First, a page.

Merkel Lawmakers Praise Proposed ECB Bond-Buying Limits

Lawmakers from Chancellor Angela Merkel’s party welcomed a court recommendation to set conditions on the European Central Bank’s bond-buying plan, suggesting the legal opinion addresses German concerns.

The Outright Monetary Transactions program that ECB President Mario Draghi pushed through in 2012 won a legal endorsement today by Advocate General Pedro Cruz Villalon of the European Court of Justice, which took on the case after Germany’s constitutional court questioned OMT’s legality.

“We welcome that the buying would have to be well-reasoned and have a sense of proportion,” Ralph Brinkhaus, finance spokesman in parliament for Merkel’s Christian Democratic Union, said in an e-mailed reply to questions.

Easing German concern that crisis-ridden euro countries may rely too much on ECB assistance became more critical after Draghi pledged in July 2012 he would do “whatever it takes” to save the euro. Merkel said in Berlin that she will study the opinion “in all its complexity” before commenting publicly.

The European court mostly follows the advocate-general’s non-binding opinions. If that happens in the OMT case, the ECB’s obligation to justify bond purchases “at least allows retroactive control,” said Heribert Hirte, a CDU legislator and law professor who represented Germany’s lower house of parliament in the ECJ’s hearings.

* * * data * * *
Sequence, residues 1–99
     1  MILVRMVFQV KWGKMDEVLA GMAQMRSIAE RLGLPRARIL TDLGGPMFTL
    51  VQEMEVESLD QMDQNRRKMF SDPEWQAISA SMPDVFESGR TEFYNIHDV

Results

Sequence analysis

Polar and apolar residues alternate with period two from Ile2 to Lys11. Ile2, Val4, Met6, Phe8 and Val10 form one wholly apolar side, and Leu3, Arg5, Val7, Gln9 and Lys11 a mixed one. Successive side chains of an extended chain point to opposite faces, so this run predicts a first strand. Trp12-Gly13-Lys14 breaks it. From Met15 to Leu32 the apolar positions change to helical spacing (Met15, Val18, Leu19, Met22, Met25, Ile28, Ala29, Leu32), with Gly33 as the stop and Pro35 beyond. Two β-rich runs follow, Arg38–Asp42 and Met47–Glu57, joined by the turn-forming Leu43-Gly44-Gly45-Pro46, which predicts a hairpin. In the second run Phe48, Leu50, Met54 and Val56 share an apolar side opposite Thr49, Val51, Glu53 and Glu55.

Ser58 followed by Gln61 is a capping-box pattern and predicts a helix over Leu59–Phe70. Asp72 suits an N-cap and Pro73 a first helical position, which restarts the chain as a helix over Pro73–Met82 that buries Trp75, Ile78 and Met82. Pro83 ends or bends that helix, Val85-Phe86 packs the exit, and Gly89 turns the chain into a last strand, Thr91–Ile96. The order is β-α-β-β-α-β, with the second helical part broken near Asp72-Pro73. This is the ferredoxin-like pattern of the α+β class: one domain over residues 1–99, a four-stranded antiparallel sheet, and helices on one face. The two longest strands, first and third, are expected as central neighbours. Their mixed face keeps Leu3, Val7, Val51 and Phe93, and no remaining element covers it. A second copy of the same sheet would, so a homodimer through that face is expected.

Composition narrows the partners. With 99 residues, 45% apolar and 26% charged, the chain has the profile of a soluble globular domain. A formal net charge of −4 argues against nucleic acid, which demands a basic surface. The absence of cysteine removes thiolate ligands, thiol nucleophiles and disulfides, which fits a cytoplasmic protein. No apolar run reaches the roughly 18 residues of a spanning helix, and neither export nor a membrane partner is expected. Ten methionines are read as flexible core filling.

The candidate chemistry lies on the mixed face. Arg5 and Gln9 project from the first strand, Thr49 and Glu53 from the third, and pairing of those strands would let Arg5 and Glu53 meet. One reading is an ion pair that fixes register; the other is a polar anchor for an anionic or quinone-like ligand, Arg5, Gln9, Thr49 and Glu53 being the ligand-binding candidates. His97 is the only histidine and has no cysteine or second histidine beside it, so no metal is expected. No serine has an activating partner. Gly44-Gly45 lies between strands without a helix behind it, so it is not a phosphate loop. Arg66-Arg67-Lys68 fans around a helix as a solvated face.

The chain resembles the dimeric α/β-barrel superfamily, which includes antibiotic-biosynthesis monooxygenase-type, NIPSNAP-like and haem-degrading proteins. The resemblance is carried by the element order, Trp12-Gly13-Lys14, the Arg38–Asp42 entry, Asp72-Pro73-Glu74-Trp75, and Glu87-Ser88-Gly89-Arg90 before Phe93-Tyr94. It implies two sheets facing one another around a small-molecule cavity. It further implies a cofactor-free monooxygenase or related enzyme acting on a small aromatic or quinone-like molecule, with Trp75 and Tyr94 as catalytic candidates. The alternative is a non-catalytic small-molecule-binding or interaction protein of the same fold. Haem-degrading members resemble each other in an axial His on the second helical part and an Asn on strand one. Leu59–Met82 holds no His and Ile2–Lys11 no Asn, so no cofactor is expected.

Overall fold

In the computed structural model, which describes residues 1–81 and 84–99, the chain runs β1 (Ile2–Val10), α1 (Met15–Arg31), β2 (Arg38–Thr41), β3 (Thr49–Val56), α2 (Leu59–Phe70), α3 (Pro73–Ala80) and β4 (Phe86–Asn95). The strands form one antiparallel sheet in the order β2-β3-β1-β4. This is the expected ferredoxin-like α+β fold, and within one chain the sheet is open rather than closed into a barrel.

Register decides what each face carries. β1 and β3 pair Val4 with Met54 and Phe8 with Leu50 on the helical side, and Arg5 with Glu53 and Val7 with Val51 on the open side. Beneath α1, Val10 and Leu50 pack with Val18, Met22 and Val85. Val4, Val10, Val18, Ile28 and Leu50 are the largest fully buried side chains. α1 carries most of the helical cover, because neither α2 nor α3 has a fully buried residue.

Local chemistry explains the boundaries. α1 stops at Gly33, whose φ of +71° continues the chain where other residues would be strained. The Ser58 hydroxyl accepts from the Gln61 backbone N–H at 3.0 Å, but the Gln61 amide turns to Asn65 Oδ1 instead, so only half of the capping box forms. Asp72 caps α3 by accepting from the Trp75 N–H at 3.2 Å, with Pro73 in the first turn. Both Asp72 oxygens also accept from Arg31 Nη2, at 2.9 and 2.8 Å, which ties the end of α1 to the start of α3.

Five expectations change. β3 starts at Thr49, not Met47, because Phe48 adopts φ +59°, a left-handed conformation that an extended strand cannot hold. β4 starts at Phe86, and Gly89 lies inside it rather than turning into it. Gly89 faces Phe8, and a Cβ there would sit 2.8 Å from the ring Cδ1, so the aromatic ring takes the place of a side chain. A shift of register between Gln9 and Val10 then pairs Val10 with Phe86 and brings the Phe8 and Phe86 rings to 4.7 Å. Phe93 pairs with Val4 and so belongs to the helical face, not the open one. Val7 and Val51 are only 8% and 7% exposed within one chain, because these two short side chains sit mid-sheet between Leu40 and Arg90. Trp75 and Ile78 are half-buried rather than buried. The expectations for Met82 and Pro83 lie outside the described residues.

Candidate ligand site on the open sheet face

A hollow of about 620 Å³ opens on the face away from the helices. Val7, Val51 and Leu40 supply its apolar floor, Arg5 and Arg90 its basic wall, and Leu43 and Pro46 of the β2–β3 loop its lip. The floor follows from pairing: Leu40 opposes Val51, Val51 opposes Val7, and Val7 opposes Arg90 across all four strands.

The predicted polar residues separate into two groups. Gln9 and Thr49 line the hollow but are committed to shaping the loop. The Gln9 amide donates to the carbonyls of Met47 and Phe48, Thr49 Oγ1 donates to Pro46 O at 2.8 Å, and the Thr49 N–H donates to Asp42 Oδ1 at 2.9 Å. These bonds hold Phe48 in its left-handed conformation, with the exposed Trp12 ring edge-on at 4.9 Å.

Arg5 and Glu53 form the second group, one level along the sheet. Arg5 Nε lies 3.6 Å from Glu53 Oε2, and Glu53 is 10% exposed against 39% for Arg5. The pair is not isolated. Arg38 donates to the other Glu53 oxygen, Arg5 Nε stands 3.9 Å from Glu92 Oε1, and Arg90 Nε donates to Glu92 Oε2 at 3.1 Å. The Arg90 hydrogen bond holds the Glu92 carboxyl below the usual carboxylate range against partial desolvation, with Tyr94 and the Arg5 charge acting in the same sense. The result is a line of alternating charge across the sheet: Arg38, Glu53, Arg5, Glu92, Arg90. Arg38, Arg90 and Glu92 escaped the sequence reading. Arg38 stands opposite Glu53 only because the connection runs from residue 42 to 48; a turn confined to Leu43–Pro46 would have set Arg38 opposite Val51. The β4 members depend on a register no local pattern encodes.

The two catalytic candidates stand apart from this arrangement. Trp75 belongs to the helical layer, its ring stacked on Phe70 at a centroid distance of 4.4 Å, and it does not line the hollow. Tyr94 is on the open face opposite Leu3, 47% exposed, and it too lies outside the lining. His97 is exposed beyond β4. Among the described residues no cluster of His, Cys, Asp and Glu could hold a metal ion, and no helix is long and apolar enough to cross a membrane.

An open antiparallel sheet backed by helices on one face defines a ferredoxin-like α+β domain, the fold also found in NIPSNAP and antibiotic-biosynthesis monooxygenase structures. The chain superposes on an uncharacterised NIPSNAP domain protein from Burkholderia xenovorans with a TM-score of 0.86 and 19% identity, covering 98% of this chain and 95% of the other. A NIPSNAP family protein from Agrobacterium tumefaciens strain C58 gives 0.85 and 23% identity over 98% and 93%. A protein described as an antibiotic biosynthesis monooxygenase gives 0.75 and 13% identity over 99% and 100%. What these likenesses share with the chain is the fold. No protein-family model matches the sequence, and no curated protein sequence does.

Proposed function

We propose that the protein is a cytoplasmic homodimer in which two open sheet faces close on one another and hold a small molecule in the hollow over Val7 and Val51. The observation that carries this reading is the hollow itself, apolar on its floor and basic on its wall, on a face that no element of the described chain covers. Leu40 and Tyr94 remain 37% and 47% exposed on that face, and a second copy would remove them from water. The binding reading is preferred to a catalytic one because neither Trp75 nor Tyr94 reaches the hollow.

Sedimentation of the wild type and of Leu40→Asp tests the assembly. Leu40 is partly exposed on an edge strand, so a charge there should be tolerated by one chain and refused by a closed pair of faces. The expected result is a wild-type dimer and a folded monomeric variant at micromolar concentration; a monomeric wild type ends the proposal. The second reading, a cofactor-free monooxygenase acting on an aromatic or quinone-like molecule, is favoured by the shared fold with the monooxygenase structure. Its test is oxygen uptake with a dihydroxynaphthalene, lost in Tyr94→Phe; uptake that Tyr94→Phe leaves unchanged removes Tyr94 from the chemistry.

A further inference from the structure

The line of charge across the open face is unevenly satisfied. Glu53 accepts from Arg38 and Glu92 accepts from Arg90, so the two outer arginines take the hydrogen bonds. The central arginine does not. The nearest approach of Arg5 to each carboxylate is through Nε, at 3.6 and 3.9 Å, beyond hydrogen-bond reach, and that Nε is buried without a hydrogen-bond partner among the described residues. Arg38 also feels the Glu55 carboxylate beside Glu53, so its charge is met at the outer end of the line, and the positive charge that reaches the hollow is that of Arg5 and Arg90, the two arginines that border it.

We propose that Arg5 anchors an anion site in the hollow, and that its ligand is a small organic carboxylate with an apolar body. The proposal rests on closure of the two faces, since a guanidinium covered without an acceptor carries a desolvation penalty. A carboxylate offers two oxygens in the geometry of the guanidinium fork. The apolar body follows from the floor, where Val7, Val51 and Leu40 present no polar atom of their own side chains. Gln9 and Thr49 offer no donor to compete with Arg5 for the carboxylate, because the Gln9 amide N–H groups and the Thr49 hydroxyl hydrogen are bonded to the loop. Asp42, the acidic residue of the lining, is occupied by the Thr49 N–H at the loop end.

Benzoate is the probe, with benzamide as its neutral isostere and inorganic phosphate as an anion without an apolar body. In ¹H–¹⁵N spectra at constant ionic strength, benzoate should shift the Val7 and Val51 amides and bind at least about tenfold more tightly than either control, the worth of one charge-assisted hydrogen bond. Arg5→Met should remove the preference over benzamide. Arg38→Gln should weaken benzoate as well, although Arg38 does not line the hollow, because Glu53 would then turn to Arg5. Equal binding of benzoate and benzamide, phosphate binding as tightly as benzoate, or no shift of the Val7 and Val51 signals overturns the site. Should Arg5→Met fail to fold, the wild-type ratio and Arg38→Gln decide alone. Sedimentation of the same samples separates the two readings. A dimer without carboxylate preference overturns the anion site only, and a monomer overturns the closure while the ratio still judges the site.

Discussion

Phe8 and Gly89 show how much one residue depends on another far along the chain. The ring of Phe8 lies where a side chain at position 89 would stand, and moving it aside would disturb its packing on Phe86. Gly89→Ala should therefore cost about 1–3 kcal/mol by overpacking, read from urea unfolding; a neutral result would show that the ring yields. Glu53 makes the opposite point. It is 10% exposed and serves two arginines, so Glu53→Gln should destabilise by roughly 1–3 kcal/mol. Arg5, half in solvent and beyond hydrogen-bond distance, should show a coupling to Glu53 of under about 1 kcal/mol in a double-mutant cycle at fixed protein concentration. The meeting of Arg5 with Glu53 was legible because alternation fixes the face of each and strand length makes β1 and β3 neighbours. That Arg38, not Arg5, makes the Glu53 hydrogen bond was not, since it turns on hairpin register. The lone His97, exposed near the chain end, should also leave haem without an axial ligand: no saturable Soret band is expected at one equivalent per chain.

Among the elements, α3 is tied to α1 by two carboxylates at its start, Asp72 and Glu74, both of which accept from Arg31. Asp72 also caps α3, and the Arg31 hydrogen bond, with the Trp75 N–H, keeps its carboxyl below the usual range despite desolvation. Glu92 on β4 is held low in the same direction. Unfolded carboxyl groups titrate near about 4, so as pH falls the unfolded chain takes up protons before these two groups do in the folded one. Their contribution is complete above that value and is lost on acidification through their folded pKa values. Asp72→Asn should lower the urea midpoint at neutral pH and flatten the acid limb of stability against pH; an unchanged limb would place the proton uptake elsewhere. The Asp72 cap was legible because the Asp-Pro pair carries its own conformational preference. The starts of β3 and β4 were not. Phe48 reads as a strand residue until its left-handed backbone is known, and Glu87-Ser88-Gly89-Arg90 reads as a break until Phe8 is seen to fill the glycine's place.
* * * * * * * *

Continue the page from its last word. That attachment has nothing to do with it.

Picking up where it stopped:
“The dispute over the borderline between monetary and fiscal policy has been clarified,” provided it follows Cruz Villalon’s conclusions, he said. “There’s no room anymore for a different assessment by the Federal Constitutional Court or some German economics professors.”

German Plaintiff

Draghi’s bond-buying program, which has never been used, should count as a monetary-policy measure if the ECB refrains from direct involvement in financial aid programs by the euro region’s financial rescue funds, according to Cruz Villalon.

That means the ECB would have to leave the so-called troika of international bailout creditors if it uses the program, Peter Gauweiler, a lawmaker in Merkel’s bloc who’s a plaintiff against the OMT program, told the Handelsblatt newspaper. The other members are the European Commission and the International Monetary Fund.

Germany’s lower house of parliament has the power to block the country’s contributions to aid programs in the euro area. Norbert Barthle, the CDU’s budget spokesman in parliament, said last May the Bundestag would have “major concerns” about joining any OMT measures.

A 15-judge panel at the EU court is expected to give its final decision on the OMT case in about four to six months. opinion.

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